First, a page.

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Ohio Election Problems Highlight Urgent Need for Reform
Published on Saturday, January 8, 2005 by Knight Ridder Newspapers
Ohio Election Problems Highlight Urgent Need for Reform
by Mark Weisbrot
 

The Democrats' brief Congressional challenge to Ohio's electoral votes last week was met with howls of derision from Republican lawmakers. "They're still not over the 2000 election, let alone the 2004 election," said Senator Rick Santorum of Pennsylvania.

Well, why should they be? Why should anyone who cares about democracy just let these things go? Many Americans don't know this, but according to the best information available, George W. Bush lost the vote in Florida and therefore should not have become president the first time.

A consortium of news organizations -- including the Wall Street Journal, the Washington Post, the New York Times, the Los Angeles Times, CNN, and Associated Press commissioned an independent recount. The study was done by the University of Chicago-based National Opinion Research Center.

The study, which examined 175,010 uncounted ballots in all of Florida's 67 counties, found that a complete recount would have given the state, and therefore the presidency, to Al Gore. This was true no matter what criteria were used for accepting or rejecting the uncounted ballots: i.e., what kinds of "chads" or markings were taken as clear indication of voter intent.

This ballot count showed Gore winning Florida by a very small margin -- between 60 and 171 votes, depending on the criteria used. But we know from the study that he actually won by a much larger margin, because Gore lost about 8000 votes in Palm Beach County due to the confusion caused by the notorious "butterfly ballot." A similarly confusing ballot cost Gore an estimated 7000 votes in Duval County.

And all this does not even count the systematic disenfranchisement of Democratic voters in Florida by partisan election authorities. So there is very little doubt that, in a technically clean election, we would have had a different president for the years 2001 through 2004. This is not something to just "get over;" this is something we should never forget, and do whatever is necessary to make sure it never happens again.

Did it happen again last November, in Ohio? It is difficult to say without an investigation. The Democratic staff report of the House Judiciary Committee found "massive and unprecedented voter irregularities and anomalies in Ohio. In many cases these irregularities were caused by intentional misconduct and illegal behavior, much of it involving Secretary of State J. Kenneth Blackwell, the co-chair of the Bush-Cheney campaign in Ohio."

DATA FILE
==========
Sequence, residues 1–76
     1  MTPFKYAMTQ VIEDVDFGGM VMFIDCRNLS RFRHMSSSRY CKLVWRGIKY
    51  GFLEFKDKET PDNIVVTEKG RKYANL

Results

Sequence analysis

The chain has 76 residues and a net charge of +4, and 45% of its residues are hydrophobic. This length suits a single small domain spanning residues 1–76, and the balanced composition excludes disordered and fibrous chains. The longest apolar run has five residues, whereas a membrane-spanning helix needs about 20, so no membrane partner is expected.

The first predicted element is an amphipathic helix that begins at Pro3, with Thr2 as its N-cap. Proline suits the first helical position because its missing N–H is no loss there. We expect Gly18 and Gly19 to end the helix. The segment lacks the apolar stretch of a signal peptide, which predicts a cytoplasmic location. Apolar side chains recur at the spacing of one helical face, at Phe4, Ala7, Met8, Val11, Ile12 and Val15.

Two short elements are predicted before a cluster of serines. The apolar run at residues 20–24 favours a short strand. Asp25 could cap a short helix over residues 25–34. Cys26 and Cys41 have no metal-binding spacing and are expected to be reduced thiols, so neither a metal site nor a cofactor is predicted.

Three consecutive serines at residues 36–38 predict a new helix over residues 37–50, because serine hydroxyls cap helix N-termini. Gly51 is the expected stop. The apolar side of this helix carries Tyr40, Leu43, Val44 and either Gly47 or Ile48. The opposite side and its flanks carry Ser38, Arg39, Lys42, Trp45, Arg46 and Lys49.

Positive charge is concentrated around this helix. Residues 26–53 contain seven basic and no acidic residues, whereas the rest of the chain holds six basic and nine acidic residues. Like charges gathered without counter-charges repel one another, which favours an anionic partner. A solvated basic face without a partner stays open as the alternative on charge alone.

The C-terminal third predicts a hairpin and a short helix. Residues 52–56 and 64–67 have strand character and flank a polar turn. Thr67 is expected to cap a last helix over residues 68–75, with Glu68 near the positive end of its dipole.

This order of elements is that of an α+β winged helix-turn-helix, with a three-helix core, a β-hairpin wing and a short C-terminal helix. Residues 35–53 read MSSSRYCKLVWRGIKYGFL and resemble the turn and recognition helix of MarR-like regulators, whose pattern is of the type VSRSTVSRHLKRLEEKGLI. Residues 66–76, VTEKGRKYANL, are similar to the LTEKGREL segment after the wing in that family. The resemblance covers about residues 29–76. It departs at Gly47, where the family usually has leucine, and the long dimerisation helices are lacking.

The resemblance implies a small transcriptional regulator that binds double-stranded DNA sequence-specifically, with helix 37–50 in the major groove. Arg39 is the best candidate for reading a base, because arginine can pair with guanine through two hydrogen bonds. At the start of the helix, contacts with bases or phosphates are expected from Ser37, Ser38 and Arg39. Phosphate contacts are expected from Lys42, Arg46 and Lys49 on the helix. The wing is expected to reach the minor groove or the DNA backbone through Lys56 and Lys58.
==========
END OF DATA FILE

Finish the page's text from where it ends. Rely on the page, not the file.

These included a misallocation of voting machines that resulted in long lines in Democratic areas. There was also a shortage of provisional ballots, delayed absentee ballots, and 93,000 spoiled ballots -- and most of the latter have yet to be examined. There were many other irregularities that cast a cloud of suspicion over the vote in Ohio: one of the most bizarre was the exclusion of public observers from the Warren County tally on the basis of an alleged FBI warning of a potential terrorist threat, which the FBI denies having issued.

The Judiciary Committee Democratic staff report also found that the recount was not conducted properly or even legally, with precincts not selected randomly, as required by law. Bush's official margin in Ohio was 118,599 votes, so it is unlikely that a full and complete recount would reverse the result. But if we were to estimate the Democratic votes lost from all the other shenanigans, including the misallocation of voting machines, it's not clear whether George W. Bush would have won a clean election in Ohio, and therefore the presidency in 2004.

Some of our electoral procedures -- such as electronic voting with no paper record -- would not pass the laugh test in other democracies. This includes having a Bush campaign official -- Ken Blackwell in Ohio -- oversee statewide elections. At a recent press conference in which Russian President Vladimir Putin came under fire for undemocratic practices in his country, he retorted: "Do you think that the electoral system in the US is without flaws? Need I remind you of how elections were held in the US?"

It was reminiscent of the 1960s, when international criticism of the massive disenfranchisement of black voters in the South helped build pressure for our Voting Rights Act. With no rival superpower competing for the hearts and minds of developing countries, most of our leaders don't seem to care as much what the world thinks of American democracy. But we who live here deserve better.

Mark Weisbrot is co-director of the Center for Economic and Policy Research. Center for Economic and Policy Research www.cepr.net

© 2005 Knight Ridder

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